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Sakurajima Volcano with Lightning

Published by Klaus Schmidt on Sun May 13, 2018 10:29 am via: NASA
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Why does a volcanic eruption sometimes create lightning? Pictured above, the Sakurajima volcano in southern Japan was caught erupting in 2013 January. Magma bubbles so hot they glowed shot away as liquid rock burst through the Earth’s surface from below. The featured image is particularly notable, however, for the lightning bolts caught near the volcano’s summit.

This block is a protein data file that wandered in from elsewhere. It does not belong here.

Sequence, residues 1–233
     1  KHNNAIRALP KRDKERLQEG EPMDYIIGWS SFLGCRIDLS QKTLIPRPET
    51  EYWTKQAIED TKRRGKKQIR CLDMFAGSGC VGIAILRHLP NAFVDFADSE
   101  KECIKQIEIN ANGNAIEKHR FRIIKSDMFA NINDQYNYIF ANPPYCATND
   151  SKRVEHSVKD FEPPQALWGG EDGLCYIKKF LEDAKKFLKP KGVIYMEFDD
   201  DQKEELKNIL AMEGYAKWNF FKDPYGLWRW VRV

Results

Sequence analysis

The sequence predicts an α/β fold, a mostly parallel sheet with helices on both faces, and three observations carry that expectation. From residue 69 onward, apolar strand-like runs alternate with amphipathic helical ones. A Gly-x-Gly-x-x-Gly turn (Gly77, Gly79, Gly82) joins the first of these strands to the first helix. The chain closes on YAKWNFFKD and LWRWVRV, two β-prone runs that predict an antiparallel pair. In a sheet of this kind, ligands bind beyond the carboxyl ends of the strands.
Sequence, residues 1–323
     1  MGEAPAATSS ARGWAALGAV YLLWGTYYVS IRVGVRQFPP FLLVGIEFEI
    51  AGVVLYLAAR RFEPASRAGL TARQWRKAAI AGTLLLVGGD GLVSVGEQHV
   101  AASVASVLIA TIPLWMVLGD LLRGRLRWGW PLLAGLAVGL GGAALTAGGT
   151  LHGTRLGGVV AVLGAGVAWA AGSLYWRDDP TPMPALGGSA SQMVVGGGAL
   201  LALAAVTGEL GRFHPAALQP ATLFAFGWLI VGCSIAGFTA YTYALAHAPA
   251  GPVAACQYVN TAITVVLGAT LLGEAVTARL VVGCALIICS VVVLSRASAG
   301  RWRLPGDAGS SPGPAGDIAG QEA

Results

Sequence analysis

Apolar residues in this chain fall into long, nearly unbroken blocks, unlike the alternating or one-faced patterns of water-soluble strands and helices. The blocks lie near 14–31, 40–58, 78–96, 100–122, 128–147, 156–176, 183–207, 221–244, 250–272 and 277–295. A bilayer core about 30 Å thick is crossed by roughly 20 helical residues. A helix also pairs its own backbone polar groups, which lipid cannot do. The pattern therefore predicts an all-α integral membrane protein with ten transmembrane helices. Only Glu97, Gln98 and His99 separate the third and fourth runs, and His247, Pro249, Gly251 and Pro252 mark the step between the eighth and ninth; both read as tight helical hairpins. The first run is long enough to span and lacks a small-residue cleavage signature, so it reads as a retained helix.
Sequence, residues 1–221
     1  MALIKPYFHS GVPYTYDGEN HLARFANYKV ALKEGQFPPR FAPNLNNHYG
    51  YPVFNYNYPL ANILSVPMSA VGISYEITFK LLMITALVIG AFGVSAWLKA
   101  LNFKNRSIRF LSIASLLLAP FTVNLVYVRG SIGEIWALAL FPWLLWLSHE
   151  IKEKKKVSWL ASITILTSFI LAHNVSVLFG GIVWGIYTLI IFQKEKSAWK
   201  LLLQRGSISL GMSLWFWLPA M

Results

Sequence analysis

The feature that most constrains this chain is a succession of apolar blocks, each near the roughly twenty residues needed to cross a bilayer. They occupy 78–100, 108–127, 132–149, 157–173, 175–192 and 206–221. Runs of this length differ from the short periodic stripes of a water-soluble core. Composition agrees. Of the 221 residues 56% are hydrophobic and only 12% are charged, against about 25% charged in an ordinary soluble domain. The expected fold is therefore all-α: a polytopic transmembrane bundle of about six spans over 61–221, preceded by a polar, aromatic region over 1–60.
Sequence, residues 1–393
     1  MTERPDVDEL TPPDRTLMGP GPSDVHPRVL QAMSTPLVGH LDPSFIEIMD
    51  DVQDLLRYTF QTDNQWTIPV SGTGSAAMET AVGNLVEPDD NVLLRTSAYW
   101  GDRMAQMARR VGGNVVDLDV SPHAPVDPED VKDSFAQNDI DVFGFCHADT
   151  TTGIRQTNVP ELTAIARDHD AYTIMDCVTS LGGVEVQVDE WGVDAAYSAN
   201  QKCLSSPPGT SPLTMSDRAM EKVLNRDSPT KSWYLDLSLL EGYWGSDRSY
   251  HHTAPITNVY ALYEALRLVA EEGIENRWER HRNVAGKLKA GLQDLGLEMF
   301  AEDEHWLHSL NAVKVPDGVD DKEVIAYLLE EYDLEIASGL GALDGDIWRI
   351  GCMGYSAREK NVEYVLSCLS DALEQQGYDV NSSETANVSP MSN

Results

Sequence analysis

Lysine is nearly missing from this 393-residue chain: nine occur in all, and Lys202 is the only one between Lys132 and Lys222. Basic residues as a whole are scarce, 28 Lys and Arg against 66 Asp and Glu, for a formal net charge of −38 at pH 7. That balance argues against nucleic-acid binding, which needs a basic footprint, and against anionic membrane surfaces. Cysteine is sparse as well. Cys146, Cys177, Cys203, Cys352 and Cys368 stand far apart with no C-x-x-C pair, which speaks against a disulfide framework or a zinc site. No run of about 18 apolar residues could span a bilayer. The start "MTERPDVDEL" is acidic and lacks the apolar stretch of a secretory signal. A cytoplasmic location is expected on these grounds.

Why lightning occurs even in common thunderstorms remains a topic of research, and the cause of volcanic lightning is even less clear. Surely, lightning bolts help quench areas of opposite but separated electric charges. Volcanic lightning episodes may be facilitated by charge-inducing collisions in volcanic dust. Lightning is usually occurring somewhere on Earth, typically over 40 times each second.

Image Credit & Copyright: Martin Rietze (Alien Landscapes on Planet Earth)

Image Credit & Copyright: Martin Rietze (Alien Landscapes on Planet Earth)

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